But this is not the only bit of buried history that Phillips successfully resurrects. Even more significant, perhaps, is his treatment of the “October Surprise” story.
Some of you may even recall the story. Its basic outline went like this: In the runup to the 1980 election between Ronald Reagan and Jimmy Carter, it became clear that the outcome largely hinged on the release of the 52 Americans who had been held hostage by Iran since November 1979. If Carter was able to obtain their freedom, he was likely to win re-election. If he failed, it was nearly certain Reagan would win. As you may recall, the latter was what happened. The hostages were freed on the day of Reagan’s inauguration. Later it emerged that a cadre of Reagan campaign officials led by former CIA chief William Casey, who was the campaign manager may have actually negotiated with Iran behind the scenes to ensure precisely this outcome. There were even indications they may have been involved in sabotaging the attempted rescue of the hostages.
The story gained real traction in the early 1990s when a former Carter intelligence official named Gary Sick released a book detailing the plot. It was promptly pooh-poohed by articles in Newsweek and The New Republic, and a brief House investigation came up dry. Afterward, anyone who even suggested they thought the scenario had any credibility was dismissed as a loony conspiracy theorist. Even the respected AP reporter Robert Parry found himself a journalistic pariah for his dogged pursuit of the story; you can find the results of much of his work at his marvelous Web site Consortium News.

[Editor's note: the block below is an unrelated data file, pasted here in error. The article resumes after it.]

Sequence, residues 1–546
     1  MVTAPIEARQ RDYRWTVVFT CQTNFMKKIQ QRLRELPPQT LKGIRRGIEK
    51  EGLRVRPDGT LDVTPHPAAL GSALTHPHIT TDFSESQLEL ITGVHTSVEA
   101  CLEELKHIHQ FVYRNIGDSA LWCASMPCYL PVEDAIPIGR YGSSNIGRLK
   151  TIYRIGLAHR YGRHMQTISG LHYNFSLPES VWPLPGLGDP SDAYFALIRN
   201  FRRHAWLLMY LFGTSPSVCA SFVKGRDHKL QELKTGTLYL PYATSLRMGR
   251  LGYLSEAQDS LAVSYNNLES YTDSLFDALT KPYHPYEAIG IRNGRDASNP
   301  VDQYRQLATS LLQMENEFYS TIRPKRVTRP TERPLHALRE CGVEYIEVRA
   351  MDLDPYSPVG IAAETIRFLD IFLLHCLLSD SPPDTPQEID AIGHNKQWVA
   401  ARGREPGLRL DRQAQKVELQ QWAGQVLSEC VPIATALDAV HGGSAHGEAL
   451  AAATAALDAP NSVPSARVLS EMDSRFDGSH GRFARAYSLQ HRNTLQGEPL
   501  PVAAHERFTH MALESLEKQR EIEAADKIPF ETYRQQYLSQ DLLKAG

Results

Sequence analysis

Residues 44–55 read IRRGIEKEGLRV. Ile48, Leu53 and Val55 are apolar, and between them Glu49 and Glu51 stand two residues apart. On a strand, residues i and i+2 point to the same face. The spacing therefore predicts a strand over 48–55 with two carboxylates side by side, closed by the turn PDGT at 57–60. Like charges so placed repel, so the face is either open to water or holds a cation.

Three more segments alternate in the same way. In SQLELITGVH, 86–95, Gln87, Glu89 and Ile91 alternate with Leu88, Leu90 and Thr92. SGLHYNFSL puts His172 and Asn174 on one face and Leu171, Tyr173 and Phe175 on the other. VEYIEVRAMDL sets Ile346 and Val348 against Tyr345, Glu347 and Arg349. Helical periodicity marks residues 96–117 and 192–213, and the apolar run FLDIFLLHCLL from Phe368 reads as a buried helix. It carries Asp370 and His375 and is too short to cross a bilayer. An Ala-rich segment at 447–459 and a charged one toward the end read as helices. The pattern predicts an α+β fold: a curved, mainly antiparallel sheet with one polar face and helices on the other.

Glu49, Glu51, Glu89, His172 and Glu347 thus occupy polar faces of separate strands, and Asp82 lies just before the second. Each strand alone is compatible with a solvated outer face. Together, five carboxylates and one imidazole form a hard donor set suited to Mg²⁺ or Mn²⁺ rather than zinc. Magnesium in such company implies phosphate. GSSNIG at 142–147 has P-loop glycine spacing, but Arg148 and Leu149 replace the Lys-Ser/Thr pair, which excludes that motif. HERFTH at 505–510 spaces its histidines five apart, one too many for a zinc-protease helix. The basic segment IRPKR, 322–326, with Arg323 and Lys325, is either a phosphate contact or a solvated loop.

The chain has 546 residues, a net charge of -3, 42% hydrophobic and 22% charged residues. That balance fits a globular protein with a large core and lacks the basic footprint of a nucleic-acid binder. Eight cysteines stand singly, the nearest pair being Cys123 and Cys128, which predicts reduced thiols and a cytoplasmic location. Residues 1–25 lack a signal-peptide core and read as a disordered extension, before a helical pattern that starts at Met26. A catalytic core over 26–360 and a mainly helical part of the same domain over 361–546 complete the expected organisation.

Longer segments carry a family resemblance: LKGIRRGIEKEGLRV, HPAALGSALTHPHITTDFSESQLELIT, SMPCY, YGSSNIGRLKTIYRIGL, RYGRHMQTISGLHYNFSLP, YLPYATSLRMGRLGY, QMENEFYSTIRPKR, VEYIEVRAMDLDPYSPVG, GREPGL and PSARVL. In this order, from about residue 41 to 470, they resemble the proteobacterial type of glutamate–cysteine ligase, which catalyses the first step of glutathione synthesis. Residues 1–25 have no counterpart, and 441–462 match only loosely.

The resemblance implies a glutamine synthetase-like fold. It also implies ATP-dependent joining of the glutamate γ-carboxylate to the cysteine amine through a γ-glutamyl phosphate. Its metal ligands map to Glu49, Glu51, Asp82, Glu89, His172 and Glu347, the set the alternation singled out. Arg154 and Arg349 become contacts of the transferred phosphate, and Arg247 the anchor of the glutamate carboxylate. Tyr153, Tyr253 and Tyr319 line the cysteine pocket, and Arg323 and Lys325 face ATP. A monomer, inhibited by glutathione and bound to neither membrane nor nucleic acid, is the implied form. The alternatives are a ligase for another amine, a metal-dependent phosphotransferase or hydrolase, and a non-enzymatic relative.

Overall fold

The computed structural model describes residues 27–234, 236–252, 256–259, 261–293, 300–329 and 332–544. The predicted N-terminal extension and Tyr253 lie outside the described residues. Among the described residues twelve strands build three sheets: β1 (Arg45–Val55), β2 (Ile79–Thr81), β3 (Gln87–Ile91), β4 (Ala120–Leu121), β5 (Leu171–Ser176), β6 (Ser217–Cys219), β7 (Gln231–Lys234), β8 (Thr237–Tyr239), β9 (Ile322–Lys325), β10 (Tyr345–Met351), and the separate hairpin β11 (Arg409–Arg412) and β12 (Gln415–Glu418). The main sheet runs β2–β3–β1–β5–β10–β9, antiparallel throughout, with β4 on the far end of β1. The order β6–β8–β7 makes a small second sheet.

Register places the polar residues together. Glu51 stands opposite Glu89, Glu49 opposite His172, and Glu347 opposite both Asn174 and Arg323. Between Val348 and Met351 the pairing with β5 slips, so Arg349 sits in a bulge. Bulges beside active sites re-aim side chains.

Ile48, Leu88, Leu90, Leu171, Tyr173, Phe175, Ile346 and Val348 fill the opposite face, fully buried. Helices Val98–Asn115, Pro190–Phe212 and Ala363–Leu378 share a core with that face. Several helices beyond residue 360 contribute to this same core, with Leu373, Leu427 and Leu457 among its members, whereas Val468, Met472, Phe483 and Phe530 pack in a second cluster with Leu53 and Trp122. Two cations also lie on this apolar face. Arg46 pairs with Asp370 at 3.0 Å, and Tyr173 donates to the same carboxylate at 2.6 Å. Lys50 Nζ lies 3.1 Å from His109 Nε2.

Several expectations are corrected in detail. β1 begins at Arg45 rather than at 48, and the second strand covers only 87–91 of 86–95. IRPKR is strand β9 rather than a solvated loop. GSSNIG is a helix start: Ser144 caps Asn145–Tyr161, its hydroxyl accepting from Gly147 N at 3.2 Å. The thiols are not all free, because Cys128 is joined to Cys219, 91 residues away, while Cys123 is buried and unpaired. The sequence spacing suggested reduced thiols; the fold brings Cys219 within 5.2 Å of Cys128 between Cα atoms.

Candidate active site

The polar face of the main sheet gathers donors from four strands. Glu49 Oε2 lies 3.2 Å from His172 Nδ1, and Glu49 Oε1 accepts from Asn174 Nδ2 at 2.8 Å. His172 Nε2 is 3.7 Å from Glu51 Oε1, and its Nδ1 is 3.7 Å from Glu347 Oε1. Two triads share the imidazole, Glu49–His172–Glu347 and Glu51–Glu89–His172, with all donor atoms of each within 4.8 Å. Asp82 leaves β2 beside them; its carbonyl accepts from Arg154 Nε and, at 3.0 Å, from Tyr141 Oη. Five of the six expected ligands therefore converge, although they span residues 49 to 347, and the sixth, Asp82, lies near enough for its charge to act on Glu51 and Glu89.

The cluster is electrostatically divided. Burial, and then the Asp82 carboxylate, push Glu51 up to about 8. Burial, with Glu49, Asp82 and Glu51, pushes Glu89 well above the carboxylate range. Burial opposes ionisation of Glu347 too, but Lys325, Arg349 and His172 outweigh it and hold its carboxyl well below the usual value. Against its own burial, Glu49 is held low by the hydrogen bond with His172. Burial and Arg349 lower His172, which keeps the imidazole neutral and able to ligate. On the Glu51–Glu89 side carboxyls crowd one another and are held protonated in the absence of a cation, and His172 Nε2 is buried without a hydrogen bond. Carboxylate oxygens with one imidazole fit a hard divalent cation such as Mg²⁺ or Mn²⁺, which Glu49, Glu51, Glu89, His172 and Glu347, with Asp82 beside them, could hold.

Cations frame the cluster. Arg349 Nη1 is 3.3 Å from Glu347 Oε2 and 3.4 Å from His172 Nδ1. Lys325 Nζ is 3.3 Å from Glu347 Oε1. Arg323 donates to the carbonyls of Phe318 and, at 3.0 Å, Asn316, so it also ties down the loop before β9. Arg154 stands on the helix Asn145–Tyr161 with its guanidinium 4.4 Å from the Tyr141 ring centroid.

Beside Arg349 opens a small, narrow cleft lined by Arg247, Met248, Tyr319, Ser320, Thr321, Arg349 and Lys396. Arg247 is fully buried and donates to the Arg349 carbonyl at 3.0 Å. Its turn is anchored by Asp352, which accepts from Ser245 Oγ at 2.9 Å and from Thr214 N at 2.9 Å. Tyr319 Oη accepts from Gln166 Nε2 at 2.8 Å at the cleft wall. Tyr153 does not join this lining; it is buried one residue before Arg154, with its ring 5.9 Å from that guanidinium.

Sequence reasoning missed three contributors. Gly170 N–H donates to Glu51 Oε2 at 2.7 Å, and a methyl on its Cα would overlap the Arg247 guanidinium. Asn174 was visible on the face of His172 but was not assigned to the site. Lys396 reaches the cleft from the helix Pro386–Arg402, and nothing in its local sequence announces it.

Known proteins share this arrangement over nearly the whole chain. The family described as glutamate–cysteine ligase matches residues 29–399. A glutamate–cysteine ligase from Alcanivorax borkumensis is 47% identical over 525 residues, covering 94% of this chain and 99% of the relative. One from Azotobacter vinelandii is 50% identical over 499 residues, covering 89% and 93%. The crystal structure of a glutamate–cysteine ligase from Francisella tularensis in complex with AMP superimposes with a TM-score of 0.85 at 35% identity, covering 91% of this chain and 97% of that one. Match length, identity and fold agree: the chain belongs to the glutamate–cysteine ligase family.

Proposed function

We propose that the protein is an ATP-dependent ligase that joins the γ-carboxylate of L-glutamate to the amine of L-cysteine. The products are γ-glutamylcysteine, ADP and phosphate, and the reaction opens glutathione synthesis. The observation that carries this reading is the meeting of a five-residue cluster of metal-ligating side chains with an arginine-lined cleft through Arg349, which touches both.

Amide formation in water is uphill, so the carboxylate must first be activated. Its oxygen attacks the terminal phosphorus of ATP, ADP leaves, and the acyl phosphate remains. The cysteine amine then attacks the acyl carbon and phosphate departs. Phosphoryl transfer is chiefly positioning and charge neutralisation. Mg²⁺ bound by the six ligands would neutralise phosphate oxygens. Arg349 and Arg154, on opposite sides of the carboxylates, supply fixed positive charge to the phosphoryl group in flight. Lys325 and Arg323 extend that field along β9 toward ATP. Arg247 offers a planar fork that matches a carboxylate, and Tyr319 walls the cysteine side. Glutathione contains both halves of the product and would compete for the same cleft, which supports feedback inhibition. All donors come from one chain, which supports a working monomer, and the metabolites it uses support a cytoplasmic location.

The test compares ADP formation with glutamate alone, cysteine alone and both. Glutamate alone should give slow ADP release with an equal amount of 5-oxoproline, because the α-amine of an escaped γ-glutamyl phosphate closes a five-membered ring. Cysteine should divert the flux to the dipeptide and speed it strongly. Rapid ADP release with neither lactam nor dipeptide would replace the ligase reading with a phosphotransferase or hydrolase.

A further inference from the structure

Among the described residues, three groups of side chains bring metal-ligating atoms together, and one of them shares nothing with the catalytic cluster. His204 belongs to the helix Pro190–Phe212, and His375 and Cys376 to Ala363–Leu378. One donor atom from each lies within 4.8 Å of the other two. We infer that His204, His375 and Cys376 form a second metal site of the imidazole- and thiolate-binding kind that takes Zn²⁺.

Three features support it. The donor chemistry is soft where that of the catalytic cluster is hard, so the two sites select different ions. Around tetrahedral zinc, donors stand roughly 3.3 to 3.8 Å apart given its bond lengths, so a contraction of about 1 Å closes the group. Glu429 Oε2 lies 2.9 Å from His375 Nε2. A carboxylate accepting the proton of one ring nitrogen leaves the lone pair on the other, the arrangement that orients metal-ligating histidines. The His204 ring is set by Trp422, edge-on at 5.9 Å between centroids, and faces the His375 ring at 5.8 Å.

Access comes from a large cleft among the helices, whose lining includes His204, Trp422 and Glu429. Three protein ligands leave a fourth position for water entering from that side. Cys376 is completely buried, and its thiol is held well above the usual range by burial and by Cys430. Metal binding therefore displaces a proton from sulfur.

Phillips not only resurrects the story, he examines the evidence and finds that it is almost certainly substantial, despite the all-too-eager earlier dismissals of its substance. More to the point, he compiles a wealth of subsequent evidence, most of it having emerged since 1992, pointing to his conclusion that “Bill Casey a born schemer and true buccaneer and his associates probably were involved in machinations akin to those Sick alleged.” This evidence includes intelligence material from the French, the Soviet Union, Israel and Iran, as well as material that has been ignored by the House investigators.
All of this ties in with Phillips’ theses that the October Surprise was a precursor to Iran-Contra (in fact, he argues, the latter was actually a confirmation that the former had occurred) as well as Iraqgate the consequences of which, he ably demonstrates, have come home to roost in the current war in Iraq.
Once again, it turns out that the cynics probably had it right. (Boy, sure looks like Sparky has paid a few visits to the plastic surgeon since 1992, doesn’t it?)
(…my God. Sparky the penguin was introduced in 1991. He’s been around for thirteen years.)